Artists in Profile: Sara Lederach + Katie Wolf

In October 2014, artist and photographer Katie Wolf rented a small storefront in the 604 Building on Gallatin Road. Her original plans for the former barbershop were simple. “It was just going to be a studio space for me, a darkroom and a place to get away and work,” Wolf says. “But it evolved into a lot more.”
     A year and a half later, Gallery Luperca is the central hub of the monthly East Nashville Art Stumble that just recently celebrated its first year of connecting East Side art lovers and artists. Held the second Saturday of each month, the Stumble draws over 300 art fans to a jumble of East Nashville galleries, shops, restaurants, coffee houses, and pop-up art showings. Although the Art Stumble has quickly become a central part of Nashville’s arts scene, it was not the result of a grand plan, but rather a series of coincidences that live up to the accidental nature of its name.
     A native of southern Florida, Wolf moved to Nashville a decade ago and found her way into Nashville’s local art scene. But it was shortly after renting her workspace off Gallatin Road that the dominos began to fall.
     “I place a lot of value on community in the art scene,” she says. “It began as a workspace for me, but I wanted to do what I could for the art community on the East Side, so I started holding monthly art markets.”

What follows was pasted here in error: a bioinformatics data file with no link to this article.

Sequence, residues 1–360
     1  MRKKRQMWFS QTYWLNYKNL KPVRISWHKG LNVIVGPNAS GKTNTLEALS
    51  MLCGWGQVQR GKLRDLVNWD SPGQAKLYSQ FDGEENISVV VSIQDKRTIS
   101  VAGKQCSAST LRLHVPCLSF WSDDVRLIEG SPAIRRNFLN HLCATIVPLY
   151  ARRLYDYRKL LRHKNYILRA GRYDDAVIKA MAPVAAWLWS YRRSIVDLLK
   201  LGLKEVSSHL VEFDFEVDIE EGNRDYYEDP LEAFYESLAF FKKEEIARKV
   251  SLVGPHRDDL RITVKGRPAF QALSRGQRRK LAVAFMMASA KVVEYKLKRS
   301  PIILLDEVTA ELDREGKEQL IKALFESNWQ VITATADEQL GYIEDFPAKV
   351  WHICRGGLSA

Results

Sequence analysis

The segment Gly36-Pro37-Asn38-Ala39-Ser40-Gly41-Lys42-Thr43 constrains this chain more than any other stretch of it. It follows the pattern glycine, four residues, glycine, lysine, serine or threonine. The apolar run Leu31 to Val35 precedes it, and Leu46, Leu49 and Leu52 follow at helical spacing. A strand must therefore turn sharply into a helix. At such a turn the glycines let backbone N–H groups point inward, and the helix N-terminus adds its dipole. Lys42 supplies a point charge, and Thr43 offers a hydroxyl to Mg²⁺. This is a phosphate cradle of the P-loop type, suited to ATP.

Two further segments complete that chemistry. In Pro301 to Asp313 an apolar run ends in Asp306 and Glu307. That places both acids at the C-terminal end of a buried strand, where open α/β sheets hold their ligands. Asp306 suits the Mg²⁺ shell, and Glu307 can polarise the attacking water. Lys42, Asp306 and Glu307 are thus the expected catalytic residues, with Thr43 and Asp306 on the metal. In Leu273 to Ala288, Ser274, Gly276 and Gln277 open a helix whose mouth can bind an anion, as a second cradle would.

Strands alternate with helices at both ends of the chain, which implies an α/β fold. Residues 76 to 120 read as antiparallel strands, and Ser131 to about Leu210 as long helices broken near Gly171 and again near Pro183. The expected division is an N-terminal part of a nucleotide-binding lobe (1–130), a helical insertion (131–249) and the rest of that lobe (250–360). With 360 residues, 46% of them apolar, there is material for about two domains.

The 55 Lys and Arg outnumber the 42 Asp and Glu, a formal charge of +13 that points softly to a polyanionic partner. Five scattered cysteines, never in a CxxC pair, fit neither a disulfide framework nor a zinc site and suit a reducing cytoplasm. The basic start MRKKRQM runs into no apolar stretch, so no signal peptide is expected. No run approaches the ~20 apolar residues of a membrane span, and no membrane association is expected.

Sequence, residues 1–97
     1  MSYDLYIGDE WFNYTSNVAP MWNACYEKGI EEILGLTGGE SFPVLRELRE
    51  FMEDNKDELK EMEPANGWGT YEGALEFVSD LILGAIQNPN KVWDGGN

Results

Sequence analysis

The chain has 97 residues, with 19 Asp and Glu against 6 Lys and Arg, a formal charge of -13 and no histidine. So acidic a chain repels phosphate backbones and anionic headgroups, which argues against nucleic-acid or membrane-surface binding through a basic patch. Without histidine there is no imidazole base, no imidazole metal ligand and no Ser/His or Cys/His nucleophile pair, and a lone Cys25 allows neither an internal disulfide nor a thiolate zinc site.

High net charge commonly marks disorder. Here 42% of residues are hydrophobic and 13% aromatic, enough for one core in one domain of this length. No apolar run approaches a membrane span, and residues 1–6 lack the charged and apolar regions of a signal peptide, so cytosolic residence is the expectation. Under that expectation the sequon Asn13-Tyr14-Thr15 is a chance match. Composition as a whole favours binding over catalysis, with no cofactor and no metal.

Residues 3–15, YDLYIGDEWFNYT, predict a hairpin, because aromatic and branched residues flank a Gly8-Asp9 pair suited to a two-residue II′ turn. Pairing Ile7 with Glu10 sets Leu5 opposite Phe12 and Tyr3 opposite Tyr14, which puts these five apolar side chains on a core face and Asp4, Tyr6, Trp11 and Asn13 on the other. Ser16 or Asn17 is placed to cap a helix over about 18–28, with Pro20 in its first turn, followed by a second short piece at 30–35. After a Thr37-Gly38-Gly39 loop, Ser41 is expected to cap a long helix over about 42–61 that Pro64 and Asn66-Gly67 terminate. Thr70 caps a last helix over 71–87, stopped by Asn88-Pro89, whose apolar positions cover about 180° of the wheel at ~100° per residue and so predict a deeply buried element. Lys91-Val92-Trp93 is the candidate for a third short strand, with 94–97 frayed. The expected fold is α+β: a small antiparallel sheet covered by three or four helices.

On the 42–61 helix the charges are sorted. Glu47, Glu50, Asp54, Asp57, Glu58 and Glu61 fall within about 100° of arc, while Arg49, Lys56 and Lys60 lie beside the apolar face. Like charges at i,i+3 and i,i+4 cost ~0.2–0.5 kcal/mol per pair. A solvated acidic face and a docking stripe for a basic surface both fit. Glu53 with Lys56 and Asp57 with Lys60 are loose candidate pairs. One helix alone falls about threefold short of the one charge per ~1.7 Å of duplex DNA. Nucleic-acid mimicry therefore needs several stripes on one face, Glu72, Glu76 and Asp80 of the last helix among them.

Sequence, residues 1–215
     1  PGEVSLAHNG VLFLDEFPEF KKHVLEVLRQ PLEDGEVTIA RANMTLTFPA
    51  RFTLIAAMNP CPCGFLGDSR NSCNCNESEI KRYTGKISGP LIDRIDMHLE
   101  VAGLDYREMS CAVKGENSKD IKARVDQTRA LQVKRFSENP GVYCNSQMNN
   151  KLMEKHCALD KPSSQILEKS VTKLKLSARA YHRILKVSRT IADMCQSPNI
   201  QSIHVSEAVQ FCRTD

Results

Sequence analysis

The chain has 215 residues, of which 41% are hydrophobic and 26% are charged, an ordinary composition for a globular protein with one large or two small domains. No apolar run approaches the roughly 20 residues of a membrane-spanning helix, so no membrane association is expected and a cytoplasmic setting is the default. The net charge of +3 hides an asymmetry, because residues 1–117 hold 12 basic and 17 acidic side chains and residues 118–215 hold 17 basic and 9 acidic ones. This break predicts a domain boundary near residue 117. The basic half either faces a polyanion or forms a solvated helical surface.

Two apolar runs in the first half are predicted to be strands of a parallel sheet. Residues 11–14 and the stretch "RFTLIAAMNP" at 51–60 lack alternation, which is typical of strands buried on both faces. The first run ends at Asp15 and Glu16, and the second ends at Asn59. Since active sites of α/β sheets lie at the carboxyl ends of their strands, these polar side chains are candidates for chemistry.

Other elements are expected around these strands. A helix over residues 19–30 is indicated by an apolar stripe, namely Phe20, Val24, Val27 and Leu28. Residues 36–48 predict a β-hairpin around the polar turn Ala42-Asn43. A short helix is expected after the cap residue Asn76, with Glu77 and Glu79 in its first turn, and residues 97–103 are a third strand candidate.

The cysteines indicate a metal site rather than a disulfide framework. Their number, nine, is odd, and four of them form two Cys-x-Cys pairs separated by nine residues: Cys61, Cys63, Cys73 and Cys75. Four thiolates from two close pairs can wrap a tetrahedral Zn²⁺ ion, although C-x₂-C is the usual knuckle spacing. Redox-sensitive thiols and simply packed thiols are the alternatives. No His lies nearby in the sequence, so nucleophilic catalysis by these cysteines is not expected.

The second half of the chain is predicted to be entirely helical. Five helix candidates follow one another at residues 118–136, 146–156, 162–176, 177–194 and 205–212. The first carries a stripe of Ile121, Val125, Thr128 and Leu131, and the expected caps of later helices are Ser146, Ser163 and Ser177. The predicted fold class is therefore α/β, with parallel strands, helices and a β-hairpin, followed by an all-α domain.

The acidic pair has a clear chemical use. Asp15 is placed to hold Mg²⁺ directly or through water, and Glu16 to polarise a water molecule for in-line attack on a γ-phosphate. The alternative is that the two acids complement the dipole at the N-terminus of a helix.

At one of the first art markets, Wolf met artist Sara Lederach. Lederach found her way to Nashville through a well-traveled path. “I was living in Texas and met my husband, who is a musician, and he wanted to move to Nashville,” she says. “I’d been doing art on my own — sculptural rope rugs and ceramics — without any academic background. After we moved here, I began working on a BFA at Austin Peay State University, and that’s when I met Katie. We hit it off immediately, and it wasn’t long before I had a key to the gallery.”
     Together Wolf and Lederach sponsored several monthly art markets. Low attendance was a persistent problem, so they soon turned to the idea of curating shows by artists they admired. “We decided to do our first exhibition with Michael Dickens, who was my teacher at Austin Peay at the time, and his wife, Dawn,” Lederach says. “Since we had trouble getting people out to the art markets we decided we needed some sort of event centered around our openings.”
     As Lederach and Wolf searched for ways to promote their first show, the idea of an East-centric art crawl emerged, but there were challenges. Not only did they need to schedule their event on a different weekend from the well-established downtown and the Wedgewood-Houston art crawls, but the East Side event needed its own personality; and geography also presented a problem. Both established art crawls featured galleries within easy walking distance, which was not the case in East Nashville.
     “It just made sense to do our event on a separate weekend, but convincing people to come to East Nashville and drive around was going to be a super hard sell,” Lederach says. “We included many non-gallery spaces, and we had to coerce some artists into setting up exhibits because we didn’t have enough. Then we needed a name that would make us stand out. We were brainstorming and my husband suggested calling it the Art Stumble. It was perfect. Of course, on the East Side you stumble!”